That word "own" is the kicker isn't it? By own I don't mean the right to use under legal contract with binding restrictions; I mean to possess with the right to copy, redistribute, sell or print the source code on a tee shirt if you think it's cool.

"Yeah yeah," you say, "but it doesn't really matter who owns your computing environment as long as you can use it to get the job done." Certainly not, as long as you don't mind paying some company to make all the decisions about your information access for you. Imagine for a moment that Carnegie had decided what the country needed was a large network of private, instead of public, libraries. Anyone could access the information stored in those libraries if they purchased a library card (remember it costs money to buy and house all those books). So what if the first few pages of Dante's "Inferno" were rented for advertisement space, and most margins in "The Origin of Species" littered with marketing babble? If it weren't for large corporations the books wouldn't be there, and anyway, you have to expect them to make a profit some how. Of course, some books which contain especially valuable information would be on the reserved list, but you could even get a peek at them for an additional "priority access fee." What did you expect? It is, after all, the Information Business now.

I won't belabor the analogy further because it isn't intended as biting satire but as a reminder that history is rife with examples of attempts to control people by controlling their access to information. Whether it is attempted by governments, religions or businesses, the antidote has always been the same: increased public access to information. Voltaire wrote many volumes of celebrated prose on this subject (available in English translation at your public library for free if you're interested) during what historians refer to as the "Age of Enlightenment." In our milieu, the end of twentieth century United States of America, we prefer our philosophy in a form that fits on a bumper sticker. "Know your Rights" seems like a reasonable start.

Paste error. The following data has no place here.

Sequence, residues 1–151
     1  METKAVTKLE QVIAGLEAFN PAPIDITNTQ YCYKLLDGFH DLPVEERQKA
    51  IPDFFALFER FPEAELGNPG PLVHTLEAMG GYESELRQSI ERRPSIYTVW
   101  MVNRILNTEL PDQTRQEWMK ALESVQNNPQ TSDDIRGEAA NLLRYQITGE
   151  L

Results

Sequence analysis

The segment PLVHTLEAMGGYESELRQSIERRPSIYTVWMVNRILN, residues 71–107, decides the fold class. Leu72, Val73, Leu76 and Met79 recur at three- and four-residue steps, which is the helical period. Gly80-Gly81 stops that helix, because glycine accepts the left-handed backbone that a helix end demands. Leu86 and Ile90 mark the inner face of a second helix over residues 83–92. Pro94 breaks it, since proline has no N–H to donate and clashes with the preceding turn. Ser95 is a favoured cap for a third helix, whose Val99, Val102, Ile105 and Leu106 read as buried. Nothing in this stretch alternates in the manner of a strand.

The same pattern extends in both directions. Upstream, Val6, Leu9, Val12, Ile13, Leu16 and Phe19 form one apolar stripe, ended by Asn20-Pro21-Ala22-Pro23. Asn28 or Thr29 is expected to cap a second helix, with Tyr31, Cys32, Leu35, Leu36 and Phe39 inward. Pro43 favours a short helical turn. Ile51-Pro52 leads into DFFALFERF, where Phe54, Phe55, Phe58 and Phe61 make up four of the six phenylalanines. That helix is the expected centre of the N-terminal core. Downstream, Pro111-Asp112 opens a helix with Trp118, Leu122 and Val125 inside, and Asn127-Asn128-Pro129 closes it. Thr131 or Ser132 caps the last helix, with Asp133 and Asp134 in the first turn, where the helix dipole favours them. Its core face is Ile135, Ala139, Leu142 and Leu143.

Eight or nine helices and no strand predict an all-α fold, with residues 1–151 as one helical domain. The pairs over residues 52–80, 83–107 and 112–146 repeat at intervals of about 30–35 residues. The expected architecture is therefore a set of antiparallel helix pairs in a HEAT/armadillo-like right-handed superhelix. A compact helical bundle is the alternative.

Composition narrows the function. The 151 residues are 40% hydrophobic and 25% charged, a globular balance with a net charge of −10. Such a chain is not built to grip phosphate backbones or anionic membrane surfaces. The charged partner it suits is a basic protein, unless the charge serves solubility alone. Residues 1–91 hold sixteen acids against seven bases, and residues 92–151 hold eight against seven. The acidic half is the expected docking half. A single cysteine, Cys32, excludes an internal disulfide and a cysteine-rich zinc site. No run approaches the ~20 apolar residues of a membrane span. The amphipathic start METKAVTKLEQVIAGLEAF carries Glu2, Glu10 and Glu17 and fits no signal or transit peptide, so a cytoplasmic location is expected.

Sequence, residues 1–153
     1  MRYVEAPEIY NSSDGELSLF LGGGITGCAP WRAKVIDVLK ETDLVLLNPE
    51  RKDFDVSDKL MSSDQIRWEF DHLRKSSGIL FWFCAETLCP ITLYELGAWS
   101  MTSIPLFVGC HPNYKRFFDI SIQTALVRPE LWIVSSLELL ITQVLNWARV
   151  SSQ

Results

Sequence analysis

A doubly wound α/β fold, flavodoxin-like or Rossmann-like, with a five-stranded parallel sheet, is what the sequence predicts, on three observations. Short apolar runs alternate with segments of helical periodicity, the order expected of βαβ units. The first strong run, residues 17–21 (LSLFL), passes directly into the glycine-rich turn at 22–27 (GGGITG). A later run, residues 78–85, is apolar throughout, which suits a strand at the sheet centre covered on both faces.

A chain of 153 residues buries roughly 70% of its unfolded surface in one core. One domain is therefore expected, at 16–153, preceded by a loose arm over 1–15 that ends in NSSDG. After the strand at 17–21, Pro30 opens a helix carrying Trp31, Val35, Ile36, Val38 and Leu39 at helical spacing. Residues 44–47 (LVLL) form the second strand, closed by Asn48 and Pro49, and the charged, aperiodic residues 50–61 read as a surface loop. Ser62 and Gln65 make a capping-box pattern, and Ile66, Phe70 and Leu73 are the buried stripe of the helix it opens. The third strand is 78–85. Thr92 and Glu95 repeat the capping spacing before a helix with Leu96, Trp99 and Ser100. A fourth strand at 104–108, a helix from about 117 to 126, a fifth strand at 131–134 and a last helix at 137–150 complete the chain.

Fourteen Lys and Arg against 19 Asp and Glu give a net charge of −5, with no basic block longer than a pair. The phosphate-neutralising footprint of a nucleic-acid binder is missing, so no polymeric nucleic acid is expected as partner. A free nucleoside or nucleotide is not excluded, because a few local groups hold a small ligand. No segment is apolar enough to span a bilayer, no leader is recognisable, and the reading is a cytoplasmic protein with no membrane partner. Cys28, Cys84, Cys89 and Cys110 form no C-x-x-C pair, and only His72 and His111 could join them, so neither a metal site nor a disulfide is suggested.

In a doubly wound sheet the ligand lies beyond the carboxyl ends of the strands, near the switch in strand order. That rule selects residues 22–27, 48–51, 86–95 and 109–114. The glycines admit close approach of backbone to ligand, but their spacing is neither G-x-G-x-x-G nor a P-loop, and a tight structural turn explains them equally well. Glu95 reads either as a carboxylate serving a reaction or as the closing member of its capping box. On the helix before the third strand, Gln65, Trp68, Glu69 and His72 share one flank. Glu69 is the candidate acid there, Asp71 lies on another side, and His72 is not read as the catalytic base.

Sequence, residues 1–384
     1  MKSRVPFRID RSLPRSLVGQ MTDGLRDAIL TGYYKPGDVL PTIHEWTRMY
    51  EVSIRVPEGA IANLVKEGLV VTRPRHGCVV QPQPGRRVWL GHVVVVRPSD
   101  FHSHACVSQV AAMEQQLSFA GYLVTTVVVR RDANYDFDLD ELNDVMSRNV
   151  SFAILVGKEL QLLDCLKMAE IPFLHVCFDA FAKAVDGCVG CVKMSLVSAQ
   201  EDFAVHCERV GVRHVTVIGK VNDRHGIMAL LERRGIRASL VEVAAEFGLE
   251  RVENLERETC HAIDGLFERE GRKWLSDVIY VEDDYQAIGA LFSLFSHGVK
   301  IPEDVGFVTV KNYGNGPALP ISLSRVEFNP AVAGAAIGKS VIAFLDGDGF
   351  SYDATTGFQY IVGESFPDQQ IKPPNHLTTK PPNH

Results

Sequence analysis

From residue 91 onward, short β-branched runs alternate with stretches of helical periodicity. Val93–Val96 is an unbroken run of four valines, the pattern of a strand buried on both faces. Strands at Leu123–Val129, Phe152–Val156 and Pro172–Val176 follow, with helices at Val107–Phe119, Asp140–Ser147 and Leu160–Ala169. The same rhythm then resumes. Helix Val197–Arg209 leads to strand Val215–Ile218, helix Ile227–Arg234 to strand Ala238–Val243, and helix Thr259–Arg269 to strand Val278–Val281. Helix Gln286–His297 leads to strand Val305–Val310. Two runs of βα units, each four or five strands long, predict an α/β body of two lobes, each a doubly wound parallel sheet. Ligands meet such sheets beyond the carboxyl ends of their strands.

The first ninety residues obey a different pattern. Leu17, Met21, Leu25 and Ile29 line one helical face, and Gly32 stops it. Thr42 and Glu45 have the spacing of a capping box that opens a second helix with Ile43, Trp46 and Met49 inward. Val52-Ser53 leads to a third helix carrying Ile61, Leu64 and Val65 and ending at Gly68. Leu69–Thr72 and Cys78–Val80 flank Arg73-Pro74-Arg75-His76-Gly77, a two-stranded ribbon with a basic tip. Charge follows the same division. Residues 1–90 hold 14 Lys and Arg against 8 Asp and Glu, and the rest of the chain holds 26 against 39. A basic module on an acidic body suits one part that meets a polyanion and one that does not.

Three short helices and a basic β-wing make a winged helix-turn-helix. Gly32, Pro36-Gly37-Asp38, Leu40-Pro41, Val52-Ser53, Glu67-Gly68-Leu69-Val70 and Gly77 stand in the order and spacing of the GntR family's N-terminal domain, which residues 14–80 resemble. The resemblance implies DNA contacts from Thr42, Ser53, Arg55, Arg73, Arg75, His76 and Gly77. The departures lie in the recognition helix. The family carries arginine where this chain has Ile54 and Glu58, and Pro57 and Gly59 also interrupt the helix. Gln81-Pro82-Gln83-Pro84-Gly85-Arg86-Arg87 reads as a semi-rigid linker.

The next time you find yourself frustrated with the "improvements" or incompatible new "features" your chosen software vendor has provided in the name of increased productivity, remember that you have options. As a member of the public, you own a world-class computing environment. Even if you find spending the time to learn some version of UNIX unpalatable, recognize that the existence of a viable alternative is your most potent weapon in dealing with your chosen vendor. The free software movement has already made the most rabid of capitalist companies start employing terms like "open" to describe their proprietary products (if you are confused by their unusual definition of the word open, at least you can admire their panache). It might even be worth some of your idle time to learn a bit about this stuff because . . . well I think it's always a good idea to know your rights.